colonize


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colonize

(kŏl′ə-nīz′)
v. colo·nized, colo·nizing, colo·nizes
v.tr.
1. To form or establish a colony or colonies in.
2. To migrate to and settle in; occupy as a colony.
3. To resettle or confine (persons) in or as if in a colony.
4. To subjugate (a population) to or as if to a colonial government.
v.intr.
1. To form or establish a colony.
2. To settle in a colony or colonies.

col′o·niz′er n.
References in periodicals archive ?
In common with other feminists of color such as Joan Morgan (in When Chickenheads Come Home to Roost), the authors of Colonize This
Exploring the repressive nature of a dominant desire for objectification and power in her first scenario, Morrison shows how this desire both marks black women's bodies and colonizes their minds.
pylori that are deficient in these proteins fail to twist properly and, consequently, are unable to colonize the stomach.
pilosicoli isolates from humans and other species have been used experimentally to colonize chicks, piglets, and mice (5-7).
Unlike the grass inhabitants, the tree endophytes are quite diverse and colonize emerging leaves instead of passing from one generation to the next.
A corollary to this notion of an essentially masculine desire to colonize emerged in the striking gender and sexual imagery employed in colonizationists' portrayals of Africa.
To turn now to class conflict in A it is important to clarify some of Himes's depictions of the public spheres--the bars, the churches, the police stations, the train stations, the barbershops, the bookie joints, and the streets--that interpellate Black people, and often colonize the Black world.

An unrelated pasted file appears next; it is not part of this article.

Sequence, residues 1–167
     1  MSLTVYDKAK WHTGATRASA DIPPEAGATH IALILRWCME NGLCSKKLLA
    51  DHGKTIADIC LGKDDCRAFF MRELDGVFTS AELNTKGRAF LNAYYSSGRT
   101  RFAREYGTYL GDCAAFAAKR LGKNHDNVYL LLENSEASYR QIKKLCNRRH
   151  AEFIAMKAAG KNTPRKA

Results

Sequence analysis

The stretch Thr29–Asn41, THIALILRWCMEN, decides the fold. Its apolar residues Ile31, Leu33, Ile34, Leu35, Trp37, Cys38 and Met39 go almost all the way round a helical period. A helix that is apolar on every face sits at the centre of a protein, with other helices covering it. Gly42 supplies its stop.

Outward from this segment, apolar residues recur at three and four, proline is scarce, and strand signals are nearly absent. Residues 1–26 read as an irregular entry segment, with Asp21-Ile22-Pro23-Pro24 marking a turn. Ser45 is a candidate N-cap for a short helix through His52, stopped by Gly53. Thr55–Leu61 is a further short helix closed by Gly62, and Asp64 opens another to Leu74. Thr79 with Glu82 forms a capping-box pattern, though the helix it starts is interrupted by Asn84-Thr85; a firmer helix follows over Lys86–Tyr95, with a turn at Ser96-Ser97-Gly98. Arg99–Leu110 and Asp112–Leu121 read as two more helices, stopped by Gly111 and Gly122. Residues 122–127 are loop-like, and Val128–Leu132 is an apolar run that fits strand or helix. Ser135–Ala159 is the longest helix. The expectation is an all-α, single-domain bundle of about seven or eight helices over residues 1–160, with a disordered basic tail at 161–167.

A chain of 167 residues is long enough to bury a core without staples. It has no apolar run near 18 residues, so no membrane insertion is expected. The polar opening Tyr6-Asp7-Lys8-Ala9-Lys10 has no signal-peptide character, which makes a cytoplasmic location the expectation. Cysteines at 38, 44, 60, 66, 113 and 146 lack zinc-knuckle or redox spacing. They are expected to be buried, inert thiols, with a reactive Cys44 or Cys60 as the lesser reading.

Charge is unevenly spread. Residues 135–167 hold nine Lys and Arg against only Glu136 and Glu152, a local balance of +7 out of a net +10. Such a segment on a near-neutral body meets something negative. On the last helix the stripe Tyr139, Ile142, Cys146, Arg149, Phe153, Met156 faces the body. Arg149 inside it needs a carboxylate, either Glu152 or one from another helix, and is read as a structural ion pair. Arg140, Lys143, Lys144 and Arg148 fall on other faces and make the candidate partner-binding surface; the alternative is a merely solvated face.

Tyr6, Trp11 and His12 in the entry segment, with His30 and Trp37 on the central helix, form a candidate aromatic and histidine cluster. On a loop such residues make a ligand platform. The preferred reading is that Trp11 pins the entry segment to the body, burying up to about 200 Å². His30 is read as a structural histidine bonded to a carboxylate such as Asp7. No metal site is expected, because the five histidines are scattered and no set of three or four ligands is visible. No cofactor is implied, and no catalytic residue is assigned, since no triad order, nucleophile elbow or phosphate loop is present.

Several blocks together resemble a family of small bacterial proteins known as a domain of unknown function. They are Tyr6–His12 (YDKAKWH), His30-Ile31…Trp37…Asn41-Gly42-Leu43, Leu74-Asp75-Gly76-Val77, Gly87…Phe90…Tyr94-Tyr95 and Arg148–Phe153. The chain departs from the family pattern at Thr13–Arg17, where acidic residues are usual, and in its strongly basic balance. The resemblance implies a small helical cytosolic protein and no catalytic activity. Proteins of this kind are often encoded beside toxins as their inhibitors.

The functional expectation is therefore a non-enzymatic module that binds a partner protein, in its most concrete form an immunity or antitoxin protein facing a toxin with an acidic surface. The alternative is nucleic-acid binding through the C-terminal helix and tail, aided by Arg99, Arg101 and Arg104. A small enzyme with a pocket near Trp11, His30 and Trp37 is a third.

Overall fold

Patients lay for several hours or days in warm, stagnant water and slush; normally poorly virulent environmental bacteria, fungi, and amoebae found the ideal conditions to colonize in open wounds and bone fractures and disseminate to other body sites.
Only [human ancestors] were adaptable enough to colonize the diverse animal communities that were repeatedly built up and broken down.
Because VRE can colonize the gastrointestinal tract for a prolonged period without progressing to clinically apparent disease, early recognition of colonization is essential for preventing patient-to-patient transmission.
The study demonstrated that opportunistic molds colonize hospital water distribution systems, become part of the system's biofilm and lead to patient exposure due to spore aerosolization in patient care areas.
In immunocompetent hosts, nontuberculous mycobacteria can colonize body surfaces and be secreted for prolonged periods without causing disease.